Last fall, our Kelp Recovery Program co-led a collaborative kelp canopy mapping project along the Sonoma-Mendocino coastline to map over 4,000 acres of coastal ocean habitat using uncrewed aerial vehicles (UAVs; aka aerial drones). The areas mapped are ones identified in the Sonoma-Mendocino Bull Kelp Recovery Plan (Kelp Recovery Plan) as regions of high potential for kelp forest recovery. The project is currently the largest marine mapping project using aerial drones to ever take place in California. Partners included NOAA’s Greater Farallones National Marine Sanctuary, NOAA’s Center for Coastal and Marine Ecosystems Program, The Nature Conservancy, and several academic institutions.
This is the second year of mapping kelp recovery sites in the Kelp Recovery Plan and will contribute to a west coast kelp assessment study supported by the National Marine Sanctuary Foundation. Sites were mapped using high-resolution RGB (red/green/blue) cameras and multispectral sensors. Imagery from each kelp recovery site has been stitched to form a two-dimensional orthomosaic and The Nature Conservancy is currently classifying and quantifying kelp canopy for each site. The results will help provide the first comprehensive assessment of regional kelp beds on the north coast since 2016 and will help focus kelp recovery efforts on the north coast of California, where greater than 90% of kelp forest habitat has been lost.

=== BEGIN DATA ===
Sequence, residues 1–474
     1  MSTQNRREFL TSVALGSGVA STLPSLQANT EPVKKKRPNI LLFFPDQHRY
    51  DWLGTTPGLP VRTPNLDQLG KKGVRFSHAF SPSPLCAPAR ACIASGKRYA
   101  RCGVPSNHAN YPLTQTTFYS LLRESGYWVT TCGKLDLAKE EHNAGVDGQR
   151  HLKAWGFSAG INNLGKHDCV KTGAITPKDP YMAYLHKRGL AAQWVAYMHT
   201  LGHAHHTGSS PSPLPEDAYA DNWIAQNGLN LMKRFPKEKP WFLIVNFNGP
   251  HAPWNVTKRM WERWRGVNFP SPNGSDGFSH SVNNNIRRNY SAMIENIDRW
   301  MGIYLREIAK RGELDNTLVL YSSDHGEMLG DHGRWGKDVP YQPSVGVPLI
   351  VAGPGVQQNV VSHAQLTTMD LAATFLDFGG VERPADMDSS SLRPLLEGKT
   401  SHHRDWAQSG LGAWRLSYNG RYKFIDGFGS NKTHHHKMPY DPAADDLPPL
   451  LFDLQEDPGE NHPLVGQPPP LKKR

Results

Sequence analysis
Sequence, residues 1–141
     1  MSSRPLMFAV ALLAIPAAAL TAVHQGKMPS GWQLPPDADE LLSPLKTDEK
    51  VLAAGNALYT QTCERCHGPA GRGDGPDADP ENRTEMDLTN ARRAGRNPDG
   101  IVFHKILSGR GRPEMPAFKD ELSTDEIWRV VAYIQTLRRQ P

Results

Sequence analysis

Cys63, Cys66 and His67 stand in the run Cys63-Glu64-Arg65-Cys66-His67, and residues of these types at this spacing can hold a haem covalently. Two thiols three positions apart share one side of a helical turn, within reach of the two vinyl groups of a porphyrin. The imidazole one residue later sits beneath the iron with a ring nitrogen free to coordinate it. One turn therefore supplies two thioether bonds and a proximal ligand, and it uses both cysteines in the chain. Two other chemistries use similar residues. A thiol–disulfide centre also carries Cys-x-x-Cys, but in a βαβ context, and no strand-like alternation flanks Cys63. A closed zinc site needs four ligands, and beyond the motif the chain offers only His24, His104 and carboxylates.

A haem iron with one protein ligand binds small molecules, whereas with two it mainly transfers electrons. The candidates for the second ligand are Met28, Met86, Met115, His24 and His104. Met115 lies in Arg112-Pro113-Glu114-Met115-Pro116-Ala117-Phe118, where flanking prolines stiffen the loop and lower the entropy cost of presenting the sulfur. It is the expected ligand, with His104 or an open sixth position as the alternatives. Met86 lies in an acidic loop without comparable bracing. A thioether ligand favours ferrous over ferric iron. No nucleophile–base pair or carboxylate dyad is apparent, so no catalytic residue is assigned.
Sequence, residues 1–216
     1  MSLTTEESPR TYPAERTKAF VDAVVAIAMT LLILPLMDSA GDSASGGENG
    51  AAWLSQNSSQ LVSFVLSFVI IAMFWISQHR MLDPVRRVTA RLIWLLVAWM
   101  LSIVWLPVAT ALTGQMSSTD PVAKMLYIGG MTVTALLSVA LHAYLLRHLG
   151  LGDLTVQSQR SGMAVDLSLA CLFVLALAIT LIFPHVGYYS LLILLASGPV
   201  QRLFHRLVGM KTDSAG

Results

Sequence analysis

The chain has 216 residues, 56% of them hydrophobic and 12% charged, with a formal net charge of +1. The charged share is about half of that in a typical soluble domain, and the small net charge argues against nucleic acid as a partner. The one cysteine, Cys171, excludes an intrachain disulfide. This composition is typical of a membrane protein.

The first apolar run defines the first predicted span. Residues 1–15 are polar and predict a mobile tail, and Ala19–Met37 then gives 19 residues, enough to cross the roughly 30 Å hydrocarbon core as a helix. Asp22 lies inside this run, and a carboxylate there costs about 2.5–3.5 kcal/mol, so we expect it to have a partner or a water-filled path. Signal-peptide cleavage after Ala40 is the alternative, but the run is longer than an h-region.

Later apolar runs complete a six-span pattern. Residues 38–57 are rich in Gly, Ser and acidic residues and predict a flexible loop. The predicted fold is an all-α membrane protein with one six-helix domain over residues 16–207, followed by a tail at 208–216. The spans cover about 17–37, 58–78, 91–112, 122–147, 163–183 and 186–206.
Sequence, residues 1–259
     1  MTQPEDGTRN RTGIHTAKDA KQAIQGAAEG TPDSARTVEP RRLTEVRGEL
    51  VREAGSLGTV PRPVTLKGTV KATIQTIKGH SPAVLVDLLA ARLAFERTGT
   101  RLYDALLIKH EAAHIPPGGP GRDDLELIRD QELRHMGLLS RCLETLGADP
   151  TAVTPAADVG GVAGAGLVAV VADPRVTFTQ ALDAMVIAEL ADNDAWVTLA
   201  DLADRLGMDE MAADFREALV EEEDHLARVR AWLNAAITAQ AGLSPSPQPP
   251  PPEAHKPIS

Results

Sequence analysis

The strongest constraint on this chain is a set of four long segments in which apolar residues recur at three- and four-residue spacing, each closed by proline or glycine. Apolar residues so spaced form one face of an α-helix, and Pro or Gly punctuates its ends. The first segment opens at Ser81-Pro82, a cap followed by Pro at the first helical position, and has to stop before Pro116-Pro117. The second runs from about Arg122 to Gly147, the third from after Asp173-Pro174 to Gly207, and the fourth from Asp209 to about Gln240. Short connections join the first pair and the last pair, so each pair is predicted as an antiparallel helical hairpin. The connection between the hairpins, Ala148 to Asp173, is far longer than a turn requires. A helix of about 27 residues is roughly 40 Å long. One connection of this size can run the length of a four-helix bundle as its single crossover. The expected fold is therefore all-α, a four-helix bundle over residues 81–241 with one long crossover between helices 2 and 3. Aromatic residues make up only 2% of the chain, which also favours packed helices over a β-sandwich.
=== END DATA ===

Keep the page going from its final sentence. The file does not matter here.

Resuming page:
Learn more about the Kelp Recovery Program.
The Greater Farallones Kelp Recovery Program is a partnership between the Greater Farallones Association and Greater Farallones National Marine Sanctuary and seeks to implement strategies outlined in the Sonoma-Mendocino Bull Kelp Recovery Plan to address the severe loss of kelp forests in northern California.
Photo credit: Abby Nickels, GFA